Skip to main content

Directory

Ben McCall

Professor of Physics and Chemistry; Executive Director of Hanley Sustainability Institute

Full-Time Faculty

Contact

Email: Ben McCall
Phone: 937-229-3295
http://go.udayton.edu/hsi
Fitz Hall 665

Profile

Ben McCall began his faculty career at the University of Illinois at Urbana-Champaign, working at the intersection of chemistry, physics, and astronomy to understand the detailed quantum mechanical characteristics of small molecular ions and the role these ions play in the rich chemical processes that occur in the clouds of gas and dust between the stars. He and his students developed new techniques for high-sensitivity, high-precision laser spectroscopy of molecular ions, and also used spectrographs on telescopes around the world to probe interstellar chemistry.

In the mid-2000s, Ben became increasingly aware of the profound challenges facing humanity, especially in the intertwined areas of climate change and fossil fuel consumption. He first converted his rural Champaign homestead to net-zero energy, using a combination of solar photovoltaics, wind turbines, and a European-style masonry heater fueled by sustainably harvested firewood. He then worked to improve the sustainability of the UIUC campus, serving as Associate Director for Campus Sustainability at the Institute for Sustainability, Energy, and Environment.

In 2018, Ben moved to the University of Dayton to serve as the inaugural Executive Director of the Hanley Sustainability Institute. His work at HSI includes improving the sustainability of campus operations (in collaboration with Facilities Management), advancing sustainability education (in collaboration with the Sustainability Program), promoting sustainability research and scholarship, and engaging the broader Dayton community in conversations about sustainability and resilience planning.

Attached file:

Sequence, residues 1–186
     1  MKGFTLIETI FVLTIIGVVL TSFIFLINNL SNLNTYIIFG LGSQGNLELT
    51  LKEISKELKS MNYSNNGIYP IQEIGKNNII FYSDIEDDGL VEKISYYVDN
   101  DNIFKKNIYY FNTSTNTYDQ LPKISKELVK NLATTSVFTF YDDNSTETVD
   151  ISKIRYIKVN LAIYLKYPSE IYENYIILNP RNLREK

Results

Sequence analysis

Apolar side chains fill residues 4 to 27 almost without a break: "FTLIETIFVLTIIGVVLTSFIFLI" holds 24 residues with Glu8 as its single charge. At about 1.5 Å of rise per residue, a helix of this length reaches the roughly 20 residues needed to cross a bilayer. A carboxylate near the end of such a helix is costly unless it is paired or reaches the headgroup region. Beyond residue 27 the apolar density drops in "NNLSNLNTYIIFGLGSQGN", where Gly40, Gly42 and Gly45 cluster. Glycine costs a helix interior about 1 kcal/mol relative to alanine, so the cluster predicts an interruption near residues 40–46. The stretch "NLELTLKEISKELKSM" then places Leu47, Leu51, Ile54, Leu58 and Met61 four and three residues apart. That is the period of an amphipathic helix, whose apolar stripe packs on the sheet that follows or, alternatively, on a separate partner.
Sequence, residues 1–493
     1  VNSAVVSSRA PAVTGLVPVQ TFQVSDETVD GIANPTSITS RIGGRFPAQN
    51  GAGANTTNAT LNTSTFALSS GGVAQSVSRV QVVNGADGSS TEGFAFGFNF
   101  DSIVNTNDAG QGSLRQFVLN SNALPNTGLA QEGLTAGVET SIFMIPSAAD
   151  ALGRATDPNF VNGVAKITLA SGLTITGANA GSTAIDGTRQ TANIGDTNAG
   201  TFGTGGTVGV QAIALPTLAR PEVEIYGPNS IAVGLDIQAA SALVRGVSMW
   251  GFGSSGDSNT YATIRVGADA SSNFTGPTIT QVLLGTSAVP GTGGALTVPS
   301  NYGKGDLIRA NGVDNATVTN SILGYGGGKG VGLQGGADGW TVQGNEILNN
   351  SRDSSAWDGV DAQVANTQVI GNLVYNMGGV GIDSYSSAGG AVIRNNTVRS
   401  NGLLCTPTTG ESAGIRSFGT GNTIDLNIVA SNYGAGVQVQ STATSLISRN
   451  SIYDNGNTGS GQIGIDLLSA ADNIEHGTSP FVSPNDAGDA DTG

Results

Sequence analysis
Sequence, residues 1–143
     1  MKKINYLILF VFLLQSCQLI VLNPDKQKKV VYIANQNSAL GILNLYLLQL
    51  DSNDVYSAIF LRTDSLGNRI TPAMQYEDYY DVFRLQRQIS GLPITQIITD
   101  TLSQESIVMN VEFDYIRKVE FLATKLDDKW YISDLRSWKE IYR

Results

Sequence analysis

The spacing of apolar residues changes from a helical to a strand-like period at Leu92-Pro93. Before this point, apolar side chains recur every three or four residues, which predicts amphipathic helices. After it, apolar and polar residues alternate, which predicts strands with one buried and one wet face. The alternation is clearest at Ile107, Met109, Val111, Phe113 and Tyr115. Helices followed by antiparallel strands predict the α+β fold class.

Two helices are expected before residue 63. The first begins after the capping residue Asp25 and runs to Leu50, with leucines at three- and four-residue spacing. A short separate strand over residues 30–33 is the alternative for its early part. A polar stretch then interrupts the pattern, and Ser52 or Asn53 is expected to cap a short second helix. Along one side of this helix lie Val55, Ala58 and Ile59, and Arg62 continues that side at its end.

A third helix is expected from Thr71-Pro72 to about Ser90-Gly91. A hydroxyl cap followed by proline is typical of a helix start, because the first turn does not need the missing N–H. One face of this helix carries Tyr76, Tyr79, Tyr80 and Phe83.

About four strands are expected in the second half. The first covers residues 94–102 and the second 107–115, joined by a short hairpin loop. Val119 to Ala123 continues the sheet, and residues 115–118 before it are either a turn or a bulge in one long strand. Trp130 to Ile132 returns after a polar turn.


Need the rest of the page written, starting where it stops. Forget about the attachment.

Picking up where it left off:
Degrees

  • Ph.D., Chemistry and Astronomy & Astrophysics, University of Chicago, 2001
  • M.S., Chemistry, University of Chicago, 1996
  • B.S., Chemistry, California Institute of Technology, 1995

Research Interests

Our current energy and economic systems, which have led to tremendous human advancement over the past century, are now running into planetary boundaries and are leading us down a path of increasing inequity and ecological destruction. There is little reason to believe that even the boldest changes to “business as usual” proposed in mainstream political discourse will avert catastrophic climate change, and our current trajectory will lead to profoundly unpleasant changes to our global industrialized civilization.

My research interests stem from a deceptively simple question: How can we build a future that is sustainable and resilient? Put another way, what changes can we make at the household, organizational, and societal levels in order to live in a way that can be sustained and that will be resilient to the increasingly severe impacts of climate change?

Household Scale:

A household could be considered sustainable, from an energy perspective, if all of its energy comes from renewable sources, such as solar and wind. One way to achieve this is to centralize renewable energy production and rely on the grid to distribute it to customers. While this might be the most economically efficient solution, it leaves the end user vulnerable to grid outages due to heat waves and other extreme weather events, which will become more frequent as our climate changes. A more resilient approach would be for individual households to generate their own renewable electricity, for example with rooftop solar panels. The intermittency of renewables can be overcome with the use of batteries, both in grid-tied and off-grid applications.